• If you live in one of the Northeastern states, your SIM card will not work after you leave India. Please make sure your port it to circles outside the NE. You can recharge using the basic plan to receive essential SMS like OTPs. I don’t know the reason behind the TRAI guideline of disabling NE SIM cards for international roaming. Maybe I’ll ask someone when I become an IFS or IAS or something. I am from Tripura, hello!
  • Do not staple your documents. It is not required.
  • You are not required to bribe anyone to get through the entire thing.
  • Write everything legibly, preferably in BLOCK LETTERS.
  • Go on LinkedIn and find Indians studying in the same university. They would prove invaluable and would make your life easier. If you don’t have a LinkedIn account, sign up for one right now! If you have an account but do not know how to find such people, you should Google about it and learn. It’s a valuable skill to have.
  • Read emails very carefully. When sending emails, schedule them instead of sending them right after you finish drafting them – schedule for the emails to arrive sometime around 10:30 or 11:00 in the morning on a working day in the relevant timezone.
    The odds of someone reading your email at 11:00 on a Tuesday are much better than at 17:00 on a Saturday. By Monday morning (when they are actually at their desks working), your email would have drowned among hundreds of similar emails. You should read this essay to know how to draft effective emails.
  • Smile wherever you are not required to keep your masks on. Saying hello with a broad smile and thanking people with a wide smile after they helped you out goes a long way. Even if there is a mask mandate, you should smile through it. Trust me; people are happier to help a happy person.
  • Be kind. Often, during the process, you might feel like people are not responding to your queries, and the temptation of writing a strongly-worded email would come to you. Don’t give in to such temptations. Understand that people might be having a bad day at work; most people are trying to do their best despite everything, just like you are. If in doubt, refer to the above tip.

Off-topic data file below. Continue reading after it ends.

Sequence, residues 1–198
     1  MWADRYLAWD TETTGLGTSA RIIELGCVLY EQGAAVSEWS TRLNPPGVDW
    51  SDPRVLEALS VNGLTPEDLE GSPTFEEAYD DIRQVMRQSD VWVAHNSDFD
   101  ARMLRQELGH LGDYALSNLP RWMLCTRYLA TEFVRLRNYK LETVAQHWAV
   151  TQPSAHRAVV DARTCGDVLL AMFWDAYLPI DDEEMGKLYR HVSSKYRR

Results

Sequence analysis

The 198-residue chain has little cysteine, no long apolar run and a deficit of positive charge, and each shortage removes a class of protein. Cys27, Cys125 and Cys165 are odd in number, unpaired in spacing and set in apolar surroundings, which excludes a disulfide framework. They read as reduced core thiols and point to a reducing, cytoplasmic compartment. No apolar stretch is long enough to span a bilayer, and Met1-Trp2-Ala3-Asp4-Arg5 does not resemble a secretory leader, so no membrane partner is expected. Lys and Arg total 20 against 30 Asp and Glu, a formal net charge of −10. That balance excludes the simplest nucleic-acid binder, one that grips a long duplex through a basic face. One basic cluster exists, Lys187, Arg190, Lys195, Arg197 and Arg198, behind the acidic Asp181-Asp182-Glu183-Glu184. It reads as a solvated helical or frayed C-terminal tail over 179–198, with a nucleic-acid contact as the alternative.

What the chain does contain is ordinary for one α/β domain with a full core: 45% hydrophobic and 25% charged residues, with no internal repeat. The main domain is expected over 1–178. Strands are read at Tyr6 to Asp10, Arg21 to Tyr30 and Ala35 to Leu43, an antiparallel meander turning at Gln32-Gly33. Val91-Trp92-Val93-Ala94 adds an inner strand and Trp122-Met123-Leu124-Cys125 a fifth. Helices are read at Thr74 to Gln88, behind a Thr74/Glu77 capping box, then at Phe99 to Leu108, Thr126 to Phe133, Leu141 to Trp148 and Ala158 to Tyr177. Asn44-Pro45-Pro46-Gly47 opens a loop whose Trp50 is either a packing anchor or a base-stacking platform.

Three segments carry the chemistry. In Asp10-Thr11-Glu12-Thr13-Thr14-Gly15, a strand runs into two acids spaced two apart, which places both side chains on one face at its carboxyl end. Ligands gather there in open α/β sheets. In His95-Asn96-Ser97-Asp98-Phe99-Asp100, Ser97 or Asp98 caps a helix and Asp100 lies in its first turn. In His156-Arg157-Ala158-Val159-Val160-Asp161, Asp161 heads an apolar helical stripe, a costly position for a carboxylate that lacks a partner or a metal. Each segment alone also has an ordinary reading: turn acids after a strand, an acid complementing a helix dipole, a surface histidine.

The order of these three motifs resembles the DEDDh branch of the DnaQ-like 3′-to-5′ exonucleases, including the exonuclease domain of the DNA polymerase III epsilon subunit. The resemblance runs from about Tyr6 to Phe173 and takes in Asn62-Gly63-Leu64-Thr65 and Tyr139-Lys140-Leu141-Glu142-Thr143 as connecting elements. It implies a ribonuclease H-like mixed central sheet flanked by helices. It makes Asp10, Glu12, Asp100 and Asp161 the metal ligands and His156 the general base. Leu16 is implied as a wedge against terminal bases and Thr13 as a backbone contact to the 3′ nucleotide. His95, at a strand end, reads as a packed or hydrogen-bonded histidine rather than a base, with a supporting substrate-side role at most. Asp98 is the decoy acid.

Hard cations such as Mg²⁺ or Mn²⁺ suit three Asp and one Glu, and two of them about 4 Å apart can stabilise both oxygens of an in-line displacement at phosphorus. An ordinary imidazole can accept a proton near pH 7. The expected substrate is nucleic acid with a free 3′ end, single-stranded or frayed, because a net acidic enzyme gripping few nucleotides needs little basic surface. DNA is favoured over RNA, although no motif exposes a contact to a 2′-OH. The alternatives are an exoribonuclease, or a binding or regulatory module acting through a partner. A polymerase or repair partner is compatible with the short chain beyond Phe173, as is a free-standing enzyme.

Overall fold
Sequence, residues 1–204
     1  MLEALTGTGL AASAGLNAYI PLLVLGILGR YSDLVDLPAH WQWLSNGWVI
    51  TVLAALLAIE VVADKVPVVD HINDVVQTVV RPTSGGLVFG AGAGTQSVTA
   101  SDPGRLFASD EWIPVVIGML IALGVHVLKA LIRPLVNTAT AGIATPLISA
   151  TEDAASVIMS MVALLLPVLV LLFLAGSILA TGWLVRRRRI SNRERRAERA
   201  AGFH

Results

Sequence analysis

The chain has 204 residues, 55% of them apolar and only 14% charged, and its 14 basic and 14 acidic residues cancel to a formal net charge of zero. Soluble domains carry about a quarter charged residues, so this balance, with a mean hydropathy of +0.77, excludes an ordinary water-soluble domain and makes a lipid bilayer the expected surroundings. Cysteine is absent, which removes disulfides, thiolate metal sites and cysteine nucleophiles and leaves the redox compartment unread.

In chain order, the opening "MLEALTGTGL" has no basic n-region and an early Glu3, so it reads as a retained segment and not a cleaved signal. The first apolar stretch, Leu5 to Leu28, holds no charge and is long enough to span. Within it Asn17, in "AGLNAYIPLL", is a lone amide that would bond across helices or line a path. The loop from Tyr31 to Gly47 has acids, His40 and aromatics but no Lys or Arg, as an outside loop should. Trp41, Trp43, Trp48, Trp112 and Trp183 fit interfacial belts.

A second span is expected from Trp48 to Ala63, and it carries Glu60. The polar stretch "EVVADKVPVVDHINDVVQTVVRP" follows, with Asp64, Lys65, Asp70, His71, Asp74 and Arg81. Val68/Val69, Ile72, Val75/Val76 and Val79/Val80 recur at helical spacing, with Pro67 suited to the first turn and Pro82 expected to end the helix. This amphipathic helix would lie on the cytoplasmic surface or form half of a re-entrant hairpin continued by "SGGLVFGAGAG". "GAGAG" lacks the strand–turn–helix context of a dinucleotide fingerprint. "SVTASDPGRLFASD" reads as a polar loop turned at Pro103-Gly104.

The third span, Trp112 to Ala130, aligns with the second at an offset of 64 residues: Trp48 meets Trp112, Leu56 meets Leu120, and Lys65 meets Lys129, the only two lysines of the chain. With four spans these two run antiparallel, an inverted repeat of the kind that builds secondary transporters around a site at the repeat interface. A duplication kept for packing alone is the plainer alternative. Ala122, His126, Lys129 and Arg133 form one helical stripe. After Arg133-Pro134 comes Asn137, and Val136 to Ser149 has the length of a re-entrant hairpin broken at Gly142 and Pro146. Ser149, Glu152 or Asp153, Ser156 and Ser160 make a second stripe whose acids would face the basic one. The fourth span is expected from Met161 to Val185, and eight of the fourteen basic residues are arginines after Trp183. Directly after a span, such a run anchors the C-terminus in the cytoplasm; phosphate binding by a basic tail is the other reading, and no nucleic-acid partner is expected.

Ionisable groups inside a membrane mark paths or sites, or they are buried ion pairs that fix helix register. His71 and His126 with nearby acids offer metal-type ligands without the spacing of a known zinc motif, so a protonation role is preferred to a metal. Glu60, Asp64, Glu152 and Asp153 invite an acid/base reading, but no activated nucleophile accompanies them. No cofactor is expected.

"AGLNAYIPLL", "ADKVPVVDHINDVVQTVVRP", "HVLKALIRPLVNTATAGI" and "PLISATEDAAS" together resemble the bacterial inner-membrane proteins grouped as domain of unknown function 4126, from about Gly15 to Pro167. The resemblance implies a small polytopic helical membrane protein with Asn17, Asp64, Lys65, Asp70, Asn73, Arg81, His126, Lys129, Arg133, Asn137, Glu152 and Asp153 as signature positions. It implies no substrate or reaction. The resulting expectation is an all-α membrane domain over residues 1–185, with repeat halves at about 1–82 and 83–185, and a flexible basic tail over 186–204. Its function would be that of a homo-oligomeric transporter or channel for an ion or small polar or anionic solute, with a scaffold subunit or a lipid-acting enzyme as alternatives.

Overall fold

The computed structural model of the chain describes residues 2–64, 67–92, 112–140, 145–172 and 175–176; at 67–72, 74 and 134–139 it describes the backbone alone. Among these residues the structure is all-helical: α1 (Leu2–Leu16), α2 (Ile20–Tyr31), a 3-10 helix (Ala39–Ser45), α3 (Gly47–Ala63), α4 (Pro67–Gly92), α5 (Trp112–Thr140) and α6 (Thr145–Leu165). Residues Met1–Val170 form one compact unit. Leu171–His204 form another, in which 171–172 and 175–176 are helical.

• Your effort will be worth it once you get here. The city is beautiful, the air is clean, the people are lovely, and they serve good coffee. The public transportation is fantastic too. Good luck, my friend!


So many people helped me out on my way here. From strangers to family members to my friends, I troubled almost everyone. I lost all hope of ever making it to Vienna. It actually turned out okay.

My cousin helped me with the notary work and encouraged me to go and talk to the SDM to get the required signatures. He’s a significant reason why I got to where I am.

A couple of strangers (and then friends) listened to all my questions and answered everything patiently. It felt daunting, and things worked out when I was about to leave it all; I am so happy to be here. Thank you so much, everyone!

And thanks, Gary, for picking me up from the airport and buying me a cup of coffee. I shall not forget your kindness.

If my essay helped you in any way, please leave a comment or write to me. It means a lot to me. If you still have questions, leave a comment here. I’ll try my best to answer them (if I have one), or maybe the others can help you. Most importantly, if you notice any errors, please point it out. Thank you!

I’ll be over the moon if you buy me a coffee. To know more about me, feel free to browse this website. I wish you a good life!


  1. An earlier version of this essay wrongly stated that “PCC from PSK do not need Apostille.” That is incorrect. You need to get the PCC apostilled irrespective of where you get it from, Police Station or PSK. I regret the error. Thank you to the folks in “Indian Students in Austria” WhatsApp group for pointing it out.